Building a Knowledge Sharing Community

Why am I trying to establish this?

Having an effective knowledge sharing strategy that my consultants and coaches use effectively can significantly boost the quality of their deliverables on engagements, as their access to knowledge and experiences will be richer. Richer knowledge leads to better decisions which lead to better outcomes blah blah blah.

No really, why?

The truth is far less grandiose. And much more personal. I want better relationships with my colleagues. And the main reason for that is selfish. When I’ve got something interesting/gnarly to solve, I’d MUCH rather solve it collaboratively with someone. I find the ideas that come out of a buzzing pair/trio are generally FAR superior (not just in terms of merit, but also the emotional responses – things like surprise, delight and even just pure joy) than anything I’d come up with on my own. A major contributor to that heightened emotional response is the fact that it’s a shared experience – this has a reinforcing effect on the individuals.

This topic is also related to my post on Courageous Executives – I think being able to create an environment where knowledge and help is shared freely and easily is helpful in establishing a progressive organisational culture.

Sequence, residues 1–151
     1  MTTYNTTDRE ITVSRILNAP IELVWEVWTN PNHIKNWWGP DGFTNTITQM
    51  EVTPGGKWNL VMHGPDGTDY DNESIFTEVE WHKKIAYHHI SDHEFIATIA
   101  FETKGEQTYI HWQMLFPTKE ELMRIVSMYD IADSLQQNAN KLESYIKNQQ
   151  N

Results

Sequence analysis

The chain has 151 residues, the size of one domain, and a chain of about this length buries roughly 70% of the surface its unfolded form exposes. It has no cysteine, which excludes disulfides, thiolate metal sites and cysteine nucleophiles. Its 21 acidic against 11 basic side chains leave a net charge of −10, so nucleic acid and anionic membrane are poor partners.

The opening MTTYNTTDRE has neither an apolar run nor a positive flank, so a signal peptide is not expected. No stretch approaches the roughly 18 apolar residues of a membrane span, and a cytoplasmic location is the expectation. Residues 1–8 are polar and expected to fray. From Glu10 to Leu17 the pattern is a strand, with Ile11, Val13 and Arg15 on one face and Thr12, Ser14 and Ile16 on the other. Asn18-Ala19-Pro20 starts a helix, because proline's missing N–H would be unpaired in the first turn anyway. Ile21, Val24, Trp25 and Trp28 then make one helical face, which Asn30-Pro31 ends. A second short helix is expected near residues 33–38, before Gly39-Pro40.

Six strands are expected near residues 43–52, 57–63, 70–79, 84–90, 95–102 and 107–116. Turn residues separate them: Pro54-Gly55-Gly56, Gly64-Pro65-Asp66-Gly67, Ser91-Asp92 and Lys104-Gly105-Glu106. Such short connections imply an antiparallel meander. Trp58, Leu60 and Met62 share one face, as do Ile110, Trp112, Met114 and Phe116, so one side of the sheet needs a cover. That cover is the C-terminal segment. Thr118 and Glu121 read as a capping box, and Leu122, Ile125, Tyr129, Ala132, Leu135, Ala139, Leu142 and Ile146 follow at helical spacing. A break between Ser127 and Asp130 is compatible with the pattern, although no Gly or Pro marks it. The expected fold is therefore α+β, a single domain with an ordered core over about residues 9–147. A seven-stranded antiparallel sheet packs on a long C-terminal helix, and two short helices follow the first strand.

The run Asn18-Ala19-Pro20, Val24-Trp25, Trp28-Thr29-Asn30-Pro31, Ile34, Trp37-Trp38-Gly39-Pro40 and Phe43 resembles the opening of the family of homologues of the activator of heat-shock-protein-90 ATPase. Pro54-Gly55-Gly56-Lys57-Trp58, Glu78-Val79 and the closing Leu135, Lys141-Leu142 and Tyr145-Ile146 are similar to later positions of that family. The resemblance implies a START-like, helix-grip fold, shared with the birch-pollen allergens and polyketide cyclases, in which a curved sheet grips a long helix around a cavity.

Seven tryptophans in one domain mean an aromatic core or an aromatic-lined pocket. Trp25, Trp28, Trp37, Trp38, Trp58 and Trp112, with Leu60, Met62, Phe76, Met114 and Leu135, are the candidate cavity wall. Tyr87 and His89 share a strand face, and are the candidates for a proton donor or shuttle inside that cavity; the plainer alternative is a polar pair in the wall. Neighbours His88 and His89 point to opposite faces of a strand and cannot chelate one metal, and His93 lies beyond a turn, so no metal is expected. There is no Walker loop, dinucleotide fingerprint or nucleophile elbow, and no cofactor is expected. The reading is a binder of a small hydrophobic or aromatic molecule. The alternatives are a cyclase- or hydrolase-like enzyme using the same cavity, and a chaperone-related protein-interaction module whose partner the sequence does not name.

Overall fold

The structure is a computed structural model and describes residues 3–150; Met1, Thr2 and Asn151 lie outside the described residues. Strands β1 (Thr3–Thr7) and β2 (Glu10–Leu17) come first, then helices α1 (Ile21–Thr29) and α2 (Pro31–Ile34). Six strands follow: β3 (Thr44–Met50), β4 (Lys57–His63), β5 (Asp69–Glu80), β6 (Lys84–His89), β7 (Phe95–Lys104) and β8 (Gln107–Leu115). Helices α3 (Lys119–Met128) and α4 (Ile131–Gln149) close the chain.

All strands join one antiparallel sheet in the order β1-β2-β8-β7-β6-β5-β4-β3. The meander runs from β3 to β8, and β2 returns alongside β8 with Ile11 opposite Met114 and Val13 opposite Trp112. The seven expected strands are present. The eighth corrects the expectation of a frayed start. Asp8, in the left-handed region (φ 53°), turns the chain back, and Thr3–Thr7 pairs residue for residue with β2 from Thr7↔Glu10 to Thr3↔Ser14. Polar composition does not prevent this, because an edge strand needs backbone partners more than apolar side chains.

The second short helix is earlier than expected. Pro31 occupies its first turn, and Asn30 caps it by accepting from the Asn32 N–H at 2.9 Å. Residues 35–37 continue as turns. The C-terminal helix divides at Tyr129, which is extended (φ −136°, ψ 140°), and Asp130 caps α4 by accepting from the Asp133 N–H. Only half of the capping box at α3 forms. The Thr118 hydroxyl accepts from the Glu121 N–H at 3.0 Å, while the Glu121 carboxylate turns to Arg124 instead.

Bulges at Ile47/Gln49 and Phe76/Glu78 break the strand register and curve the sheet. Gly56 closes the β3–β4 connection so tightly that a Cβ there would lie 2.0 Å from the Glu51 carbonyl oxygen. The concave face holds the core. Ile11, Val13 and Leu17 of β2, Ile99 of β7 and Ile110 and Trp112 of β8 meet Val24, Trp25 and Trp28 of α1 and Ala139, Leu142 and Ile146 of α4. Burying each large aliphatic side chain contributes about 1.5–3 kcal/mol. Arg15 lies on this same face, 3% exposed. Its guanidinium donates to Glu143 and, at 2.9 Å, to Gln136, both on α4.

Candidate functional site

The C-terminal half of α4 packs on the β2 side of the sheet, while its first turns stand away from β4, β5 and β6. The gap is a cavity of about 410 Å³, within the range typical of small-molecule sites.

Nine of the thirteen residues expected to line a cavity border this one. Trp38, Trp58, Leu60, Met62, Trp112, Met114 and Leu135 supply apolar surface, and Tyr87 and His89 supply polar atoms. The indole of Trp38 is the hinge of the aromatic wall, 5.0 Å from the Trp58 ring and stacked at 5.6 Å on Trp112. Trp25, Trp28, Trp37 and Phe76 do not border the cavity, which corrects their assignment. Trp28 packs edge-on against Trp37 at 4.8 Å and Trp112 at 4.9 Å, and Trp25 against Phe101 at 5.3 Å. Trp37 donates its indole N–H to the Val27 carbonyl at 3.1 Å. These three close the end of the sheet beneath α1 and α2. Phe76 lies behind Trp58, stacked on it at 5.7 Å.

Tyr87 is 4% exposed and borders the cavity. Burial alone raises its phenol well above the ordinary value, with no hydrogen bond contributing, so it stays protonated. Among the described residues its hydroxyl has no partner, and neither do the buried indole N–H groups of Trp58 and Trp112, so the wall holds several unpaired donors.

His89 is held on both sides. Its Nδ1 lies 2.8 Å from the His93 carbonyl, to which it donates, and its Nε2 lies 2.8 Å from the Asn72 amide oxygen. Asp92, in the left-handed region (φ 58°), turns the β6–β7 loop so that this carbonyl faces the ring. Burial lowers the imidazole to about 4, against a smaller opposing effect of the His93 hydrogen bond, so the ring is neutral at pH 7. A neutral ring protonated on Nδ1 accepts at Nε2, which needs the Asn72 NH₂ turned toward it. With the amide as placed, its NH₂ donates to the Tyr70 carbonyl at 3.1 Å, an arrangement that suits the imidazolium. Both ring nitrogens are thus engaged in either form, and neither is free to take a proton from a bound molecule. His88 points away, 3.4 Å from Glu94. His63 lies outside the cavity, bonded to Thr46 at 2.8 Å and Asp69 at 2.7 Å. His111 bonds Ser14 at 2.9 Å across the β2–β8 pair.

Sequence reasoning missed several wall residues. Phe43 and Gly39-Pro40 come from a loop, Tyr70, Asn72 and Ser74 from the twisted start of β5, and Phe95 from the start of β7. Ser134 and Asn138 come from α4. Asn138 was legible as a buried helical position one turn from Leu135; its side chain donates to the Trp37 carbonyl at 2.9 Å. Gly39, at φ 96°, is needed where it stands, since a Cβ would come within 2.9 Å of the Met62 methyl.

Some things to consider

The first thing I need, is critical mass. I need enough colleagues with sufficient latent willingness to participate to increase the odds of interesting interactions to occur.

The second thing, is to recognise the reality of the group dynamic. I work for a consulting organisation, and like most others, they staff people on engagements. Those engagements have teams. Back at base though, I’m grouped with a set of similar people under the same line manager. That line manager’s “team” is not a team from a behavioural dynamics perspective, regardless of how the individuals describe themselves. Esther Derby is my go-to source for concise articulation of what it means to be a team.

The third fundamental aspect to consider, is how people participate. The “1/9/90” rule of thumb has been around for over a decade now, potentially longer. A quick recap: For online groups, there are three broad categories of interaction

  • 1% of the population will initiate a discussion thread
  • 9% of the population will actively contribute to discussion threads
  • 90% of the population will lurk

I also reasoned that in order to sell what I wanted people to do, it needed to be more engaging/arresting than just these numbers (which no doubt many of my target audience would have heard already, so there’d be little impact). While daydreaming about how to go about launching this, an idea flitted across my mind, which amused me. I ran with it, just to see how far I could go. Fishing.

  • Lures: These would be the “1% and 9%” of the population. Their job is to make the environment interesting/appealing enough for the others to participate.
  • Fish: These are the 90% of the population who lurk. My objective is to convert them into lures by engaging them.

Above all else, the most important thing to remember was that knowledge management was all about people. We have to avoid the temptation to create yet-another-document-repository, as those end up generally being pointless (keeping a stack of documents current is a huge time investment, so very few people do – the documents become outdated quickly and users lose confidence in the repository as a source of relevant information).

How did we start?